After plants have finished blooming, water less frequently, increasing again in spring or early summer when the plants resume more active growth. Fertilize monthly June - August with a balanced houseplant fertilizer at half-strength. In the fall when flower buds are forming, change to a fertilizer with low nitrogen (N), and high phosphorus (P) and potassium (K) formulation such as 0-15-10 (0% nitrogen, 15% phosphorous and 10% potassium).

After flowering, plants can be pruned to encourage branching. Use a small sharp pruner or knife to cut plants where two cladophylls (branch sections) join. The plant will produce 1-2 new cladophylls where it was cut and increase its branching. New plants may be propagated from the cuttings. Dip the base of the cutting in water and then rooting hormone (found at garden centers). Place the cutting in damp builder's sand or potting media that drains well. Place in bright light with temperatures of 70-80° F to promote good growth, and keep the media moist, but not wet. After 2 weeks, use a small spatula or popsicle stick to gently lift the cutting and check for new roots. Once roots have formed, plant the cuttings in cactus soil, water and place in a bright window.

Common issues

Problem/symptom Cause/reason Recommended action
Plant doesn't bloom. Indoor temperature is too warm. Lower room temperature to 55-65°F at night, 60-65°F during the day.
Plant needs short days and long nights in a 24 hour time period. Put plant in total darkness for a minimum of 12 hours. Place in bright light for the remainder of each 24 hour period.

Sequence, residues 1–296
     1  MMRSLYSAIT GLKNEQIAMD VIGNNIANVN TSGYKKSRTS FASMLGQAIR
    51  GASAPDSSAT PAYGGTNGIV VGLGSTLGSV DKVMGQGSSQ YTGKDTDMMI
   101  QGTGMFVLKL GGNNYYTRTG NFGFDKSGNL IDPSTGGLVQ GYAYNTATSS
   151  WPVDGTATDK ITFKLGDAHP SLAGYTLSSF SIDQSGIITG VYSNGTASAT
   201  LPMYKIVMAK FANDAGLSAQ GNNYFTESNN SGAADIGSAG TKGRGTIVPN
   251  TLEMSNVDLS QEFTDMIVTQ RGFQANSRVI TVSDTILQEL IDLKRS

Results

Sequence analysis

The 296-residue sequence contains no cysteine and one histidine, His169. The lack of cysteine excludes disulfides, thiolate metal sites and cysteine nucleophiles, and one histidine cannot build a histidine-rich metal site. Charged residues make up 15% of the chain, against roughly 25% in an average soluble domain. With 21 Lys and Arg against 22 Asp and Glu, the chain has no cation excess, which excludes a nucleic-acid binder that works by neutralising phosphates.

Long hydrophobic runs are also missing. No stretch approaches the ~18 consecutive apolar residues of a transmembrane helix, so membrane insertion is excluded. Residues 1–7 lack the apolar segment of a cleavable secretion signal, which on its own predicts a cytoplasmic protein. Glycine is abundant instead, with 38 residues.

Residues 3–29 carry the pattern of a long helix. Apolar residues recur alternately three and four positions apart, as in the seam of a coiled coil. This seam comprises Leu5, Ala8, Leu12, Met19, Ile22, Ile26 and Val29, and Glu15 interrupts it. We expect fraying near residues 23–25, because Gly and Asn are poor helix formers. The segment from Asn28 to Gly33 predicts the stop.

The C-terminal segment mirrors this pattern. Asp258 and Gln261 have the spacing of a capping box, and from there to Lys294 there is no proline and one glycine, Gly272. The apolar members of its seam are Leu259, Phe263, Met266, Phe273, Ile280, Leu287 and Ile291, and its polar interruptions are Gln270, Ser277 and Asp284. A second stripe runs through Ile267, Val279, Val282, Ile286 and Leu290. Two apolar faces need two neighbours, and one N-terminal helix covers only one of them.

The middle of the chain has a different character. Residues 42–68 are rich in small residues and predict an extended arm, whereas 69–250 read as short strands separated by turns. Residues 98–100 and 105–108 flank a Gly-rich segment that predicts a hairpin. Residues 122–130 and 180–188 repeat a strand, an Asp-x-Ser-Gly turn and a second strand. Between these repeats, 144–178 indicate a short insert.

Plant lacks nutrients. Apply half-strength fertilizer with low N and high P and K in the fall.
Plant drops flower buds. Changes in temperature Locate plant away from drafts and heaters/vents.
Excessive number of buds for plant to support. Plant is self-pruning. Maintain good care - proper watering, fertilize at half-strength, bright light and cool temperatures - to keep plant healthy.
Plant looks wilted even though soil is wet. Too much water causing roots to rot. Allow plant to dry out. Make sure container and potting media drain freely, and plant does not sit in water.
Plant drops branches. Plant is very large and can't support the weight of the branches. Prune back some of the larger branches. Re-pot into a slightly larger pot.
Plant is brown and "corky" at base. Normal plant aging. Confirm this is not scale. Otherwise, no action is required.
Black, wet, slimy lesions that start at soil line, progress upward to top of cladophyll; branches drop off; plant wilts, collapses, often dies Bacterial soft rot caused by Erwinia spp. Destroy infected plants. Prevent by keeping watering to a minimum, and water at base of plant to avoid splashing bacterium from soil onto plant.
Foliage turns gray-green, wilts, stems rot at the soil line, plant collapses, branches drop off. Roots are dark and mushy. Root and stem rot caused by fungi Pythium and Phytophthora spp. Purchase healthy plants. Avoid overwatering. Make sure pots and soil media drain well.
Blackened, circular sunken lesions. Black spores on lesions fuzzy in appearance. Drechslera cladophyll rot (also called Helminthosporium cladophyll rot) caused by fungus Drechslera cactivora. Destroy infected plants. Prevent by keeping watering to a minimum, and water at base of plant to avoid splashing fungal spores from soil onto plant. Rhipsalidopsis is very susceptible, Schlumbergera is moderately susceptible.
Cladophylls and roots die; Tan lesions, infection at border of cladophyll. Fusarium cladophyll rot (Fusarium oxysporum). Destroy infected plants. Prevent by keeping watering to a minimum, and water at base of plant to avoid splashing fungal spores from soil onto plant.
Small flying insects that look like fruit flies. Fungus gnats which thrive in plant soil that is continuously wet. Avoid overwatering plants. Allow soil to dry out between watering. Remove plant from soil, wash off roots and re-pot in a clean container with fresh, sterile potting soil. Trap larvae with slice of raw potato placed on top of soil; discard regularly to remove larvae.


Klingman, G., Easter Cactus: Plant of the Week, University of Arkansas Extension Ornamentals Extension News. Accessed 15 December 2015.

Poole, R.T. et. al Holiday Cactus Production Guide. Accessed 14 December 2015. IFAS Central Florida Research and Education Center, University of Florida.